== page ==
Military Embedded Systems

DIRCM & SIGINT market outlook


December 22, 2016

John McHale

Editorial Director

Military Embedded Systems

WASHINGTON. The market for directed infrared countermeasures (DIRCM) systems and airborne signals intelligence (SIGINT) systems and programs is healthy and growing according to research from Teal Group.

The DIRCM market has risen over the past 10 years with Northrop Grumman’s LAIRCM (Large Aircraft IR Counter Measures) for C-5s, C-17s, C-130s, and other large aircraft, says Dr. David L. Rockwell, in his latest monthly update of Teal Group’s “Military Electronics Briefing (MEB)" competitive intelligence service. The large platforms, the urgent operational need, and the pioneering nature of LAIRCM have all contributed to high per-aircraft costs, he says. But LAIRCM’s procurement peak was reached in Fiscal Year (FY) 2012 with $486 million in U.S. Air Force funding – dropping to only $13 million in FY 2015. Funding will recover somewhat for Phase II upgrades, but then will drop again.

“Instead, new programs, announced, unannounced and speculative, will lead to recovery of the DIRCM market," Rockwell says. "Northrop Grumman won Common IRCM (CIRCM) EMD in August 2015, and test production systems are now being funded, but CIRCM still stands exactly where the previous “universal” DIRCM – BAE Systems’ now-dead Advanced Threat IRCM (ATIRCM) – did more than a decade ago. The same promise [was made] for thousands of systems, but by late 2016 we have still not seen any CIRCM production. ATIRCM itself was publicly procured for fewer than 100 U.S. Army CH-47 helicopters.

“Thus, new opportunities have appeared again," he continues. "Despite claiming dedication to the joint CIRCM program, the Navy in fact has funded its own Assault DIRCM (ADIRCM)somewhat on the sly – developed by DRS Technologies and Daylight Solutions – with unexpected FY 17 OCO procurement funding of $27.5 million for 12 systems to be installed in 2017-18.”

Teal Group analysts say they believe the DIRCM market is still wide open, with at least three producers ready today with alternatives to Northrop’s “common” CIRCM.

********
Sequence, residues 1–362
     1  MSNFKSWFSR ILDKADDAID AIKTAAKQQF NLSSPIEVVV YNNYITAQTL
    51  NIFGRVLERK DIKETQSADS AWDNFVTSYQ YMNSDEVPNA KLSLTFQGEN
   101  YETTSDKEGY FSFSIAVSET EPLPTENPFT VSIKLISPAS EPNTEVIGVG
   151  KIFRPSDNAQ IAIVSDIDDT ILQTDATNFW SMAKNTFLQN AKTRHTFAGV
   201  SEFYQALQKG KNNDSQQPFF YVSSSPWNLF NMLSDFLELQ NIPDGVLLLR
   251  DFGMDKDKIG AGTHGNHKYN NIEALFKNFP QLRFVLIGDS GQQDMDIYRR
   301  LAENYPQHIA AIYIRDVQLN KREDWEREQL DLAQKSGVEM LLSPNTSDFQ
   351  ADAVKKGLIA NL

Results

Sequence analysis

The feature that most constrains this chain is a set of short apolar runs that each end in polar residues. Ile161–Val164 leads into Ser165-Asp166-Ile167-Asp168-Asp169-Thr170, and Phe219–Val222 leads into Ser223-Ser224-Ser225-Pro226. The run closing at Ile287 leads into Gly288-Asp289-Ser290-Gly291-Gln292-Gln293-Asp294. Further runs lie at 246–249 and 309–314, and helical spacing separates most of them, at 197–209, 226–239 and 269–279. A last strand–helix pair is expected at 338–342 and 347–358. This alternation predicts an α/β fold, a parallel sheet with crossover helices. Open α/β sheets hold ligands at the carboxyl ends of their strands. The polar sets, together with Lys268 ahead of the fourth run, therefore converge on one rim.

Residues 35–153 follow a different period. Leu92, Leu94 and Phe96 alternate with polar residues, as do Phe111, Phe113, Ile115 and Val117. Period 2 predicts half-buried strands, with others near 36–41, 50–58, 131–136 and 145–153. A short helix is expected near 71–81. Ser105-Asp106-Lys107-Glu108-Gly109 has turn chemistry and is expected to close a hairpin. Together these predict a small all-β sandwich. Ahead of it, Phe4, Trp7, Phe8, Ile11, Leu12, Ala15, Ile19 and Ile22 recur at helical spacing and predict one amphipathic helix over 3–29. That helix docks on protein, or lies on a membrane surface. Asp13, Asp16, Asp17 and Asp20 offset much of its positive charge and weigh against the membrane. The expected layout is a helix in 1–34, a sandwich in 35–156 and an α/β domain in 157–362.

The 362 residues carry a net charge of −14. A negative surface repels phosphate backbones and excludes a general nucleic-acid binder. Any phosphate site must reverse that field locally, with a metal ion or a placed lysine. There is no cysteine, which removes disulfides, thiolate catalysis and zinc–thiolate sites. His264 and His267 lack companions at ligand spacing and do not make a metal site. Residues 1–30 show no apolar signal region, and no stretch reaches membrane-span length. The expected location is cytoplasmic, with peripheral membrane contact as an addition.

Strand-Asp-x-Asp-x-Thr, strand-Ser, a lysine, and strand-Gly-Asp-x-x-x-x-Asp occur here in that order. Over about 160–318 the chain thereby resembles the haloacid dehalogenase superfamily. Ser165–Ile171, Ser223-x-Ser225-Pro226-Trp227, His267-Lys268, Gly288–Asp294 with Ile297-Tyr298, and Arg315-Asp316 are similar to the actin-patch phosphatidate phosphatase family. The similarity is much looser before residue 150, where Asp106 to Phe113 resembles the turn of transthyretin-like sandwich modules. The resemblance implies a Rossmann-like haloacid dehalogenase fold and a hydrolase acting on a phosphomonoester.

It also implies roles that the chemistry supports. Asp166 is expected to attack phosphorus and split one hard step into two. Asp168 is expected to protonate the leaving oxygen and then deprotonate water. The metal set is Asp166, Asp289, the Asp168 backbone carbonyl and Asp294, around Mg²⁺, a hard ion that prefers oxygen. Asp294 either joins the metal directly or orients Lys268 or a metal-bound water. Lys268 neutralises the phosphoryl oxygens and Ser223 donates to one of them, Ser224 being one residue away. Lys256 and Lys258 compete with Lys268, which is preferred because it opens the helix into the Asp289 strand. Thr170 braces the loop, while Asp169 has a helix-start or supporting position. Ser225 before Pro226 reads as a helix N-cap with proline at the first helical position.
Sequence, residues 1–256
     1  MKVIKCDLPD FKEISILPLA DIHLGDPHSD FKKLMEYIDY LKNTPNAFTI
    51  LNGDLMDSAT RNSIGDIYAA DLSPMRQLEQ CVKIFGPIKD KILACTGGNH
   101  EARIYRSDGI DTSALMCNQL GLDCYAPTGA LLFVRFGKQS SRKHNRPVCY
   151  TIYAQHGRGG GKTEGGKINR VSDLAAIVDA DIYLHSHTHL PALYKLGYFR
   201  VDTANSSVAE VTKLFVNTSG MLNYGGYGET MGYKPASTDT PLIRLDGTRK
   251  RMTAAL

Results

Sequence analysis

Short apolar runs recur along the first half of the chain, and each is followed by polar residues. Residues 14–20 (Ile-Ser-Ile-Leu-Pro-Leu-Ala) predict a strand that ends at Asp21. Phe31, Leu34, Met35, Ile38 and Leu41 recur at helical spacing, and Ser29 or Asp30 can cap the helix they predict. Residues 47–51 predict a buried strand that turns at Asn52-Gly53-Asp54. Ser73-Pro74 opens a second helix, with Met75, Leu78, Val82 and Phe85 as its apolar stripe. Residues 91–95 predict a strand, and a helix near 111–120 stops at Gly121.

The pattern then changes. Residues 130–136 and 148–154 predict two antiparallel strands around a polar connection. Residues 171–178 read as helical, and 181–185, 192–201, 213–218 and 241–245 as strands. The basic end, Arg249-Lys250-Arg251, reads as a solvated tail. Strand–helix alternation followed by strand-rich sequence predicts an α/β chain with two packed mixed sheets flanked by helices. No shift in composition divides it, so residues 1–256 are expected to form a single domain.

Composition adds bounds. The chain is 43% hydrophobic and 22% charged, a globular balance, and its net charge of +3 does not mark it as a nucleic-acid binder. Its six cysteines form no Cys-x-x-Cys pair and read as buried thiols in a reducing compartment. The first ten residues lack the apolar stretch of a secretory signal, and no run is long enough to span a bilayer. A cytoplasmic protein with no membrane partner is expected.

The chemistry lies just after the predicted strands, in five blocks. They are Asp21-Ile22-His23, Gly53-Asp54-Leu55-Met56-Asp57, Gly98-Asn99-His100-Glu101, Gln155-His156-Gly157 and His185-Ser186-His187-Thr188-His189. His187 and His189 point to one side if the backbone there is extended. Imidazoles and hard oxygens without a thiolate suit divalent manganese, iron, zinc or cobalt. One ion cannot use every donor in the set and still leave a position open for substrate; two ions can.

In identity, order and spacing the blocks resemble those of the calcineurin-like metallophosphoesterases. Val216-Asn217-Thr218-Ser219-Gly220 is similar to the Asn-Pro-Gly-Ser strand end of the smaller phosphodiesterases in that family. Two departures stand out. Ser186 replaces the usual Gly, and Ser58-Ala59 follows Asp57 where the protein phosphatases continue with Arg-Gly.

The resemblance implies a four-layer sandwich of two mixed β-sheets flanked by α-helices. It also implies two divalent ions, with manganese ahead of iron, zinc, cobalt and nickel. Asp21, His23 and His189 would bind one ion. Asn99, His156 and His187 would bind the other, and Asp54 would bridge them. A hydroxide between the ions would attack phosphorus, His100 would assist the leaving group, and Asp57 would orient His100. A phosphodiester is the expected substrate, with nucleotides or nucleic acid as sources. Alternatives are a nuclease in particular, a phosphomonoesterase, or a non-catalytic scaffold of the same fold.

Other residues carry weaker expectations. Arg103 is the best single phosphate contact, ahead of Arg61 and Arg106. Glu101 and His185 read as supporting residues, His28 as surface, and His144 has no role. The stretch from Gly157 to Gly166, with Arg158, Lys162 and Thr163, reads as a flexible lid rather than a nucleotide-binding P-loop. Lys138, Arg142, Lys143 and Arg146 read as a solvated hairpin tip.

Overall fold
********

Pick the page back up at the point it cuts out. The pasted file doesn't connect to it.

“We discuss and forecast a speculative future low-cost DIRCM & MWS System – to be worth billions of dollars for thousands of small and mid-sized fixed and rotary-wing aircraft,” Rockwell notes. “If any firm, even a non-traditional non-defense prime, provides a true $1-2 million DIRCM system – as long sought – CIRCM will see future production numbers shrink drastically, or collapse entirely like ATIRCM. With $1 million or more of per-aircraft A-kit funding hidden in other lines, CIRCM is not the $1.2 million-unit cost system often believed (already $1.5 million with B-kit installation and initial support costs…).”

Other speculative future programs forecast include a major Future Fast Jet DIRCM production program, Rockwell says. In August 2016, the Air Force awarded Northrop Grumman with a $39.3 million, five-year contract for development efforts as part of the STRAFE (SHiELD [Self-protect High Energy Laser Demonstrator] Turret Research in Aero-Effects) Advanced Technology Demonstration (ATD), for a laser-based DIRCM system for pod-mounting on fast jets.

At some point in the next decade, a major Fast Jet DIRCM procurement for U.S. and international 4th generation fighters (F-15s, F-16s, F/A-18s) could become a multi-billion-dollar ongoing program – just as LAIRCM was for large aircraft.


Forecasts for numerous current and future airborne Signals Intelligence (SIGINT) programs are expected to be worth billions of dollars over the next decade, according to Teal. In February 2016, the Army finally provided funding for completing development of BAE Systems’ Tactical SIGINT Payload (TSP) for the Army Gray Eagle unmanned aerial vehicle (UAV). TSP and Northrop Grumman’s Airborne SIGINT Payload (ASIP), now aboard the Air Force Global Hawk UAV and manned Army Guardrail aircraft, will undoubtedly be offered for our Future MALE UAV SIGINT System forecast lines, they say.

“But it is the U.S. Navy that offers the most interesting speculative developments, as nearly all its UAV SIGINT has undoubtedly gone classified,” Rockwell notes. “Beyond Sierra Nevada Corp.'s small AN/ZLQ-1 ESM system for the MQ-4C Triton, we evaluate and forecast a Follow-On Triton SIGINT Sensor, as well as a likely much larger Future Triton SIGINT Suite, possibly already in development for a SIGINT-only Triton, to be worth more than $100 million per year in funding, similar to Germany’s “Euro Hawk” SIGINT UAV program.”


Topic Tags